As I wended the shores I know, As I walk'd where the ripples continually wash you Paumanok, (2-3)
The poem opens in the speaker's hometown. He's wandering the shores that he knows well, just like the waves continually visit the place they know well. There's nothing like going home when you are having doubts about your identity. Perhaps that's why Whitman sets the first section of the poem, which goes on to ask the big questions, in a familiar place.
Paumanok there and then as I thought the old thought of likenesses, (14)
The "old thought of likenesses" sounds like the type of memory that comes around again and again. As the speaker wanders Paumanok, he finds himself confronting the two sides of his identity. Perhaps being confronted with old memories of who he was in the past is one reason he begins to think about who he is in the present.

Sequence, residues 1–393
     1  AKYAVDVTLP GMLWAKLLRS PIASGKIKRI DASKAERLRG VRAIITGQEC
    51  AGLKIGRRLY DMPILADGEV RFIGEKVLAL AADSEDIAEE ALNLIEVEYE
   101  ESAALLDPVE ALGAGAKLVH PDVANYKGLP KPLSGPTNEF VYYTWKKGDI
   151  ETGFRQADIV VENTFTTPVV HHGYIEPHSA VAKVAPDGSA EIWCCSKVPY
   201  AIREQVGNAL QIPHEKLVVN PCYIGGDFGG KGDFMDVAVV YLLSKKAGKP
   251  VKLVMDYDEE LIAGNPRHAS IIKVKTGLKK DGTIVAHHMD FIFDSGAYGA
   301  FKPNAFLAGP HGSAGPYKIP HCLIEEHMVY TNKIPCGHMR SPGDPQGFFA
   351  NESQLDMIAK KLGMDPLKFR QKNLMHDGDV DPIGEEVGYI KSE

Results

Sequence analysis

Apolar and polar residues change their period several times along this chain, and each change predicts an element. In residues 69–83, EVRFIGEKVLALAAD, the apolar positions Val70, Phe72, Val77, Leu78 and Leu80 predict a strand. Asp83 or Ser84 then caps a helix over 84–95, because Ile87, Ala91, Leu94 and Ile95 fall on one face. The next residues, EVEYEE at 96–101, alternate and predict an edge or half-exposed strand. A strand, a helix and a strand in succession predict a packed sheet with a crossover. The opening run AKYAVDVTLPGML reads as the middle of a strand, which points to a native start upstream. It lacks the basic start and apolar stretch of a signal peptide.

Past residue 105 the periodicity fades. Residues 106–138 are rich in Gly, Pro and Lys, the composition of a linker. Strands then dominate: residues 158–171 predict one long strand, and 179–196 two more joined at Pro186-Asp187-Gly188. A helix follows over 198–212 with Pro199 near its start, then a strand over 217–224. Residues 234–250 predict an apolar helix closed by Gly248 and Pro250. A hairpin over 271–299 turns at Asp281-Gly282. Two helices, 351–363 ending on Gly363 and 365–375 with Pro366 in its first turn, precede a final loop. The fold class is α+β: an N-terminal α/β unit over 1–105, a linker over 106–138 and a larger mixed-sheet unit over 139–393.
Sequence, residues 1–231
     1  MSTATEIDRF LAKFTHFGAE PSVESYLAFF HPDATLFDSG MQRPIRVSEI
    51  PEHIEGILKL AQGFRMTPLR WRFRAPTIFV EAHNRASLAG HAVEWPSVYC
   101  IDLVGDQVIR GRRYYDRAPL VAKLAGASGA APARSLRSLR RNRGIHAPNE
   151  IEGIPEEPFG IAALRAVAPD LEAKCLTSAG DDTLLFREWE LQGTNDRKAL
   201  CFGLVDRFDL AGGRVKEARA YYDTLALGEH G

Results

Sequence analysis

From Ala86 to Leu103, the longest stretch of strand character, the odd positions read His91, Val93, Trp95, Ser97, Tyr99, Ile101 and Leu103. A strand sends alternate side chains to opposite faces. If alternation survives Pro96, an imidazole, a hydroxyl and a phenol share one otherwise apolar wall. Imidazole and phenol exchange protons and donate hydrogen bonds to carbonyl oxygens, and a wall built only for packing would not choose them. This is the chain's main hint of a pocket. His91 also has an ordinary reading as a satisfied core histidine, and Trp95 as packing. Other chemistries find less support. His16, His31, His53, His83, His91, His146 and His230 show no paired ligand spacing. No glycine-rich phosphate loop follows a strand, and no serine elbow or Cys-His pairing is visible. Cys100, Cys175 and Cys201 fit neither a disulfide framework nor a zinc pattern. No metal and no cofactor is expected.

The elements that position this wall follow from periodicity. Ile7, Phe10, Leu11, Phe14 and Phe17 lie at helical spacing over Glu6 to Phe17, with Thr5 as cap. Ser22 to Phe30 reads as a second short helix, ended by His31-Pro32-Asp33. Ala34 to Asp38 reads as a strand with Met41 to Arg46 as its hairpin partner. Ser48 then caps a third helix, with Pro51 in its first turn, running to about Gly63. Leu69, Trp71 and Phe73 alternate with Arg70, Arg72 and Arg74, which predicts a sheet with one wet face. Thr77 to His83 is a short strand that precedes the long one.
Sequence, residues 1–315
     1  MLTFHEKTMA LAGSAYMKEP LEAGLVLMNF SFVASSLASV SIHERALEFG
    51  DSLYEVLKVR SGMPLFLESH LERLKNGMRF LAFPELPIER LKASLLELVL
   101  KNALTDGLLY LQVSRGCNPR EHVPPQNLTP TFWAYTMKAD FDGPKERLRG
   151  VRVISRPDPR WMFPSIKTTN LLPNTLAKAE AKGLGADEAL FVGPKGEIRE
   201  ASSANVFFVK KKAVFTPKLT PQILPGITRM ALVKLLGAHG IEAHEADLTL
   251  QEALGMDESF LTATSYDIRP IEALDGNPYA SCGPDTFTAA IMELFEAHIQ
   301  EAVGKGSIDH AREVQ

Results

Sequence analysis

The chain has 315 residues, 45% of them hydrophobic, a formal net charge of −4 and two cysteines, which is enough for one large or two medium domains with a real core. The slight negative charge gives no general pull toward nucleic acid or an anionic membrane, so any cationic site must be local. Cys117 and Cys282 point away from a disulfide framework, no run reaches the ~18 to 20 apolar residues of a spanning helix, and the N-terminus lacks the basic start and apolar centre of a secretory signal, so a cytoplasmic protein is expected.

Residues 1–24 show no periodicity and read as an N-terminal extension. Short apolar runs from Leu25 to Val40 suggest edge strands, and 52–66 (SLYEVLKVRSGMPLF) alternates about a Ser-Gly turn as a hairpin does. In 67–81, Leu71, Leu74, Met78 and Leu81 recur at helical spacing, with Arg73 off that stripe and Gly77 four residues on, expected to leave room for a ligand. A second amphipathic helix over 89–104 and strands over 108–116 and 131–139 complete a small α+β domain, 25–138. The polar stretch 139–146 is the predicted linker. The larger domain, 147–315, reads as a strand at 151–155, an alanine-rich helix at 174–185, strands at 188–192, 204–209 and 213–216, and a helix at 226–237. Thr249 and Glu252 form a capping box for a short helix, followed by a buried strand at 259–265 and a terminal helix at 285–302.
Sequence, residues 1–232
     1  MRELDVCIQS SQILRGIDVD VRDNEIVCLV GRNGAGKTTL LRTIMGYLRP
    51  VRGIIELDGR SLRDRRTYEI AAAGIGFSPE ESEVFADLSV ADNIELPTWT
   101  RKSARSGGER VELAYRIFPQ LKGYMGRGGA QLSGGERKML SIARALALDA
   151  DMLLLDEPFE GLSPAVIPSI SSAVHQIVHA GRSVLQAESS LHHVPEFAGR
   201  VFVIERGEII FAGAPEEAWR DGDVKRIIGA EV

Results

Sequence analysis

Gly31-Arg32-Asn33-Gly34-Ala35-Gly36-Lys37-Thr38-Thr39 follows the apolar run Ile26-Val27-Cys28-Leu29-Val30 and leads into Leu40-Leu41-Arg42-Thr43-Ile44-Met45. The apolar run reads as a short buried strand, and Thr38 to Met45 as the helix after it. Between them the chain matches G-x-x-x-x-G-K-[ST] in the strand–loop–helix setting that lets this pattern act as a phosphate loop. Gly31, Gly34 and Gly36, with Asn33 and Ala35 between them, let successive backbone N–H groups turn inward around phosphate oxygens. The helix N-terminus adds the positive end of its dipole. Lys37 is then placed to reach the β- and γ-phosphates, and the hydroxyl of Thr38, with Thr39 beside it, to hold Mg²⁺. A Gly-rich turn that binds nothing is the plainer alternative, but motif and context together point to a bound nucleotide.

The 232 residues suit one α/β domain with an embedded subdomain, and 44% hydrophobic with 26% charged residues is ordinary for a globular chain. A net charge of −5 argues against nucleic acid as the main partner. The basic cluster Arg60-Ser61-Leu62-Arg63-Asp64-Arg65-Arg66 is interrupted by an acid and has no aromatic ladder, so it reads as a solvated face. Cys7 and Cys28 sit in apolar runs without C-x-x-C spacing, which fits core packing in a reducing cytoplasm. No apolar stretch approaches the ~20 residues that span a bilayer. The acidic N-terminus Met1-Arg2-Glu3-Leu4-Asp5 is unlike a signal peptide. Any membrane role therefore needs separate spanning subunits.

As I wended the shores I know, As I walk'd with that electric self seeking types. (16-17)
The speaker repeats the second line of the poem, but this time, he isn't alone. He walks along the shore with other "electric self seeking types" who are also in his hometown. Is he saying that all poets must revisit the place of their birth at one time or another? The poets join him in his memory-seeking quest.
I too Paumanok, I too have bubbled up, floated the measureless float, and been wash'd on your shores, (41-42)
The speaker now identifies with Paumanok, the place of his birth. He, like a seaside town, has been living at the whim of nature. Storms in his life wash things to the shore, and the tides of his life wash them away. He sees himself in nature, and it affects the way he looks at places from his past.